Defendant who committed sex offenses may be required to waive his right against self-incrimination in order to receive probation. Garcia, who was 16 years old when he committed the offenses, pled no contest to two counts of lewd conduct on a child (Pen. Code, § 288, subd. (a)), and was placed on probation. Over defense objection, the court imposed sex offender probation conditions mandated by Penal Code section 1203.067, subdivision (b). These terms required Garcia to complete a sex offender management program, to waive his privilege against self-incrimination and take polygraphs examinations, and to waive his psychotherapist-patient privilege. On appeal he claimed the required waiver of rights violated the Fifth Amendment, was overbroad, and was unreasonable. Held: Affirmed. The Fifth Amendment provides that no person “shall be compelled in any criminal case to be a witness against himself.” But it “does not prohibit the State from requiring a prospective probationer to chose between accepting the waiver and going to prison.” The section 1203.067, subdivision (b)(3) probation condition does not itself compel a defendant to bear witness against himself in a criminal proceeding; it requires only that the probationer provide full disclosure in connection with the sex offender program. The rule of the Fifth Amendment applies to the use of a defendant’s incriminating statements in a criminal proceeding, it does not bar the government from compelling those statements. Because the classic penalty exception would apply to any statements that Garcia makes under compulsion of the probation term, those statements may not be used against him in a criminal proceeding.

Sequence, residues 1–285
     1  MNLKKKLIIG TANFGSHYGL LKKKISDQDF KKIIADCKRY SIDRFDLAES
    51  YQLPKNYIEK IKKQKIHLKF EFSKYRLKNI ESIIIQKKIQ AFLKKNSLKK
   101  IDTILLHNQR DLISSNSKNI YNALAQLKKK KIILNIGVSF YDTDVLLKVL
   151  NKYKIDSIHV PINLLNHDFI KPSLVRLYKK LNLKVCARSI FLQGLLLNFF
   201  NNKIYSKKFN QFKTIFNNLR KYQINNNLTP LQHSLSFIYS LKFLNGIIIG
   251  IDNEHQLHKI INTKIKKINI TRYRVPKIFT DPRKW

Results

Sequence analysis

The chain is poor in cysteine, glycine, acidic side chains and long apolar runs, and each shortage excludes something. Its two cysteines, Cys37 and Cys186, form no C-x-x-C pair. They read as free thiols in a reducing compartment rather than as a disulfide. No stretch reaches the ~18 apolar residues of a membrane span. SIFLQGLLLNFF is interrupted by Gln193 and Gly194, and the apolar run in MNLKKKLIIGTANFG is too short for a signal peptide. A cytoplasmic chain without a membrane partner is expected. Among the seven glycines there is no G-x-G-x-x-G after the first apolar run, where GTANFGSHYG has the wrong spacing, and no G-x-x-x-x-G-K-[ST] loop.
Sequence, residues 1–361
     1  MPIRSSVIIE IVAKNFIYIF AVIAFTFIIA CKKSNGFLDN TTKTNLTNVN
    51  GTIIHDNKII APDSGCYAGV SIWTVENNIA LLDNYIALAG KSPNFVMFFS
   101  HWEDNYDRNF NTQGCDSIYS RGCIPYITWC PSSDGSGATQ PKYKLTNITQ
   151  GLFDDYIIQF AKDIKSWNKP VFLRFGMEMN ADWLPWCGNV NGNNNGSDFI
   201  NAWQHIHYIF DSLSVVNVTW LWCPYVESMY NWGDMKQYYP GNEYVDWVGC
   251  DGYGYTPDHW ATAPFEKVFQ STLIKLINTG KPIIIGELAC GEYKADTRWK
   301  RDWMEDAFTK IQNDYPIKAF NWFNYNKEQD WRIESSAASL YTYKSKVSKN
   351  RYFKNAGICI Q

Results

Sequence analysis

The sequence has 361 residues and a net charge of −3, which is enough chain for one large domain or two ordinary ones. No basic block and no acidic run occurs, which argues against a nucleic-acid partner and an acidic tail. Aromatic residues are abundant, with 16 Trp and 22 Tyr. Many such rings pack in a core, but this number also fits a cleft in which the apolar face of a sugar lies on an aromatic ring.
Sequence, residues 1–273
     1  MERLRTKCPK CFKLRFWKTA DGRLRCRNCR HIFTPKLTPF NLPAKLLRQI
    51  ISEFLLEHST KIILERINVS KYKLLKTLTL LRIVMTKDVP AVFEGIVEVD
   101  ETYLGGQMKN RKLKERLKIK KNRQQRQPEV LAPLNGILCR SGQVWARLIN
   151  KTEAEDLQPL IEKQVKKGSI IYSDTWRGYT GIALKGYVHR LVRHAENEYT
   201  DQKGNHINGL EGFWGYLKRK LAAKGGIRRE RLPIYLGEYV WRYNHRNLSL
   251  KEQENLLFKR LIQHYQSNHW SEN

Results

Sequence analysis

The Fifth Amendment waiver condition of probation is not overbroad because it is closely tailored to its purpose. To the extent the condition impinges on Garcia’s Fifth Amendment rights, it is narrowly tailored to the purpose of the conditionto facilitate his participation in the sex offender program and to determine whether he is committing additional offenses, in order to protect the public.
The Fifth Amendment waiver condition is not unreasonable. The Fifth Amendment waiver condition serves the rehabilitative goals of probation. Without this compelled disclosure, “the program would not be able to identify the psychological or physiological factors” that caused the sexual offense.
The compelled waiver of the psychotherapist-patient privilege does not violate Garcia’s right to privacy and is not overbroad. The right to privacy may be abridged in furtherance of compelling state interests. Here, the State has an interest in protecting the public from Garcia’s sexual misconduct and in monitoring his compliance with probation terms. As the condition does not require Garcia to waive his rights beyond that necessary to monitor his progress in the program, it is not overbroad. Further, it is reasonably related to reforming and rehabilitating Garcia.